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WEIDORJE

Zeuhl • France


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Weidorje biography
WEIDORJE, formed in 1977 by two ex-MAGMA members, Bernard Paganotti and Patrick Gauthier (also keyboardist for HELDON, a group that featured Richard Pinhas) is one of Zheul's children, probably the most faithful and the closest musically and spiritually to MAGMA. One can find a mythology close to MAGMA's one : "the wait of a flying saucer that would come one morning take us with its new values, sane and safe".

WEIDORJE means "celestial wheel". This word appears for the very first time in MAGMA's album "Üdü Wüdü" in the form of a short track (4:30) composed by Paganotti and Blasquiz, the latter being the second master brain in MAGMA, along with Vander (Blasquiz achieved by the way WEIDORJE's cover art).

This tune foreshadows what WEIDORJE's music will be :
- same hypnotical power as MAGMA but more rock-based, more accessible at first listen even if by mistake (as was the case with MAGMA) the music was regarded as dark or even unhealthy despite the melodical beauty of the themes.
- incantatory repeats with a powerful bass and put very forward, brass and MAGMA-esque voices (although lyrics are not in Kobaïan they are a kind of Zheul scat)
- polyrhythmicity in keyboard and guitar playing

For some people, WEIDORJE would be a follower to "Üdü Wüdü", Bernard Paganotti forming his band just after MAGMA released this album. First and only album released in 1978, "Weidorje", even if some new stuff was ready for a second album. But following difficulties to find a producer, WEIDORJE disbanded, although they were popular with the French audience. Initially constituted with three long tracks : "Elohim's Voyage", "Vilna" and "Booldemug" on the Ep released for Cobra, two new tracks "Rondeau" and "Kolinda" appeared on the CD reedition by Musea in 1992 (these two tracks were released live with a bad sound but the bass solo is wonderful, waving between jazz-fusion and Zheul accents).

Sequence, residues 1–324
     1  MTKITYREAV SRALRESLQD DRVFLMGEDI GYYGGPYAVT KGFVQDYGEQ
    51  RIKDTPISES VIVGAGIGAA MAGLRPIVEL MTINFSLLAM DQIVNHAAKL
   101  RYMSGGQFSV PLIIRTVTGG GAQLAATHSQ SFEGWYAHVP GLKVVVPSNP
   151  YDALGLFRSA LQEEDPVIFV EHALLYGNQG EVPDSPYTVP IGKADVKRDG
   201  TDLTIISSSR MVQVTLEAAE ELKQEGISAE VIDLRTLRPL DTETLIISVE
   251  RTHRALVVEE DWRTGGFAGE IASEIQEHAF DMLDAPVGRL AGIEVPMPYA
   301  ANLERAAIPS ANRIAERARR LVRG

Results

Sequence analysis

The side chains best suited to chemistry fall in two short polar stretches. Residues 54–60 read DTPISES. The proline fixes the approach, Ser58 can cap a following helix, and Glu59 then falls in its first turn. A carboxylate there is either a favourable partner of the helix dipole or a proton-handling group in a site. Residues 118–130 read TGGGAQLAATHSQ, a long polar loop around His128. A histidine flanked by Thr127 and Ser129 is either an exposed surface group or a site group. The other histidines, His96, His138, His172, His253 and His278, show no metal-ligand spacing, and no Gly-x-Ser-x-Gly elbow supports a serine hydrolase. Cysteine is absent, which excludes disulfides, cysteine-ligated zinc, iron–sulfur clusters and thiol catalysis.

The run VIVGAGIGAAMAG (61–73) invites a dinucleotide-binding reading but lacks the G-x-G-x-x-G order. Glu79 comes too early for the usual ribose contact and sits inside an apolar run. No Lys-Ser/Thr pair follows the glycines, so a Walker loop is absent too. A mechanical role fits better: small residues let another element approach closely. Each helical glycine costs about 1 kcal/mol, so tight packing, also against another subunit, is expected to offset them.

The spirit of WEIDORJE will remain in the first solo albums of some of its members :
- Patrick Gauthier "Bébé Godzilla" (1981) : Christian Vander appears on one track
- PAGA (B. Paganotti) "Paga" (1985)
- J-P Goude "Drones" (1980)

As with most of productions by ex-MAGMA members, the music will be less Zheul-oriented and leanings rather towards jazz-rock, fusion or electronic music.

::: Tauhd Zaïa, FRANCE :::
(Many Thanks to Lucas for the English translation)

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4.19 | 217 ratings
Weidorje
1978

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WEIDORJE Reviews


Showing last 10 reviews only
 Weidorje by WEIDORJE album cover Studio Album, 1978
4.19 | 217 ratings

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Weidorje
Weidorje Zeuhl

Review by VianaProghead
Prog Reviewer

5 stars Review Nº 422

According to Zeuhl definition on Progarchives, Zeuhl is an adjective in Kobaian, the language written by Christian Vander, drummer and founder of the French band Magma. But, Zeuhl is much more complex to define. In reality, Zeuhl is a much elaborated prog genre. Zehul is a kind of a combination of some strong repetitive bass lines, loose and wild drumming, a sense of improv and fevered chanting in a made up language. In the loose sense, maybe we could describe Zeuhl as an offshoot of prog rock, a little jazzier and a lot wackier, with a less structure and a more spirituality.

When considering the legacy of Magma, one must recognize the huge impact they left behind. Many of France's best musicians were once members, or associates of members, or somehow were touched by their influence. Thus, their pervasive effect on the French scene cannot be understated. After Magma, it would never be quite the same again.

But, as many of we know, Magma was never a very stable band, turning around most of their line up on what seemed like a yearly basis. A lot of this had to do with Christian Vander constantly moving the band's goalposts. In 1976, their fifth studio album, "Udu Wudu", went in a direction that was more fusiony and bass-heavy, and just like that, Vander decided to turn the band into some kind of alien funk outfit. Thus, two members of the band, Bernard Paganotti (bass) and Patrick Gauthier (keys), decided to split off and continue in that direction themselves. So, Weidorje was born. But, unfortunately, Weidorje only released a single album, their self-titled album. For some people, "Weidorje" would be a follower to "Udu Wudu". Though it's based of Magma's sound, I really think "Weidorje" is a better album than that one.

"Weidorje" is certainly a treat for all Magma's fans. Essentially, the album sounds like Magma, especially in the "Udu Wudu" phase. The music is mostly instrumental and the voices that are present are mainly scat, leaving our ears free to listen to the wonderful music being played. The really exciting factor about Zeuhl is the fuzz-bass. Bernard Paganotti is a master of that style. So, naturally, when I first heard this album, I was immediately struck by the thumping bass. But, there's more on "Weidorje" than just the fuzz-bass. Another former Magma personality is present on this album, Patrick Gauthier. He and Jean-Philippe Goude add some very dark and gloomy polyrhythmic sounds which add a superb atmosphere and rhythm, as does Michel Ettori on guitar that plays along with Paganotti's bass lines in many places.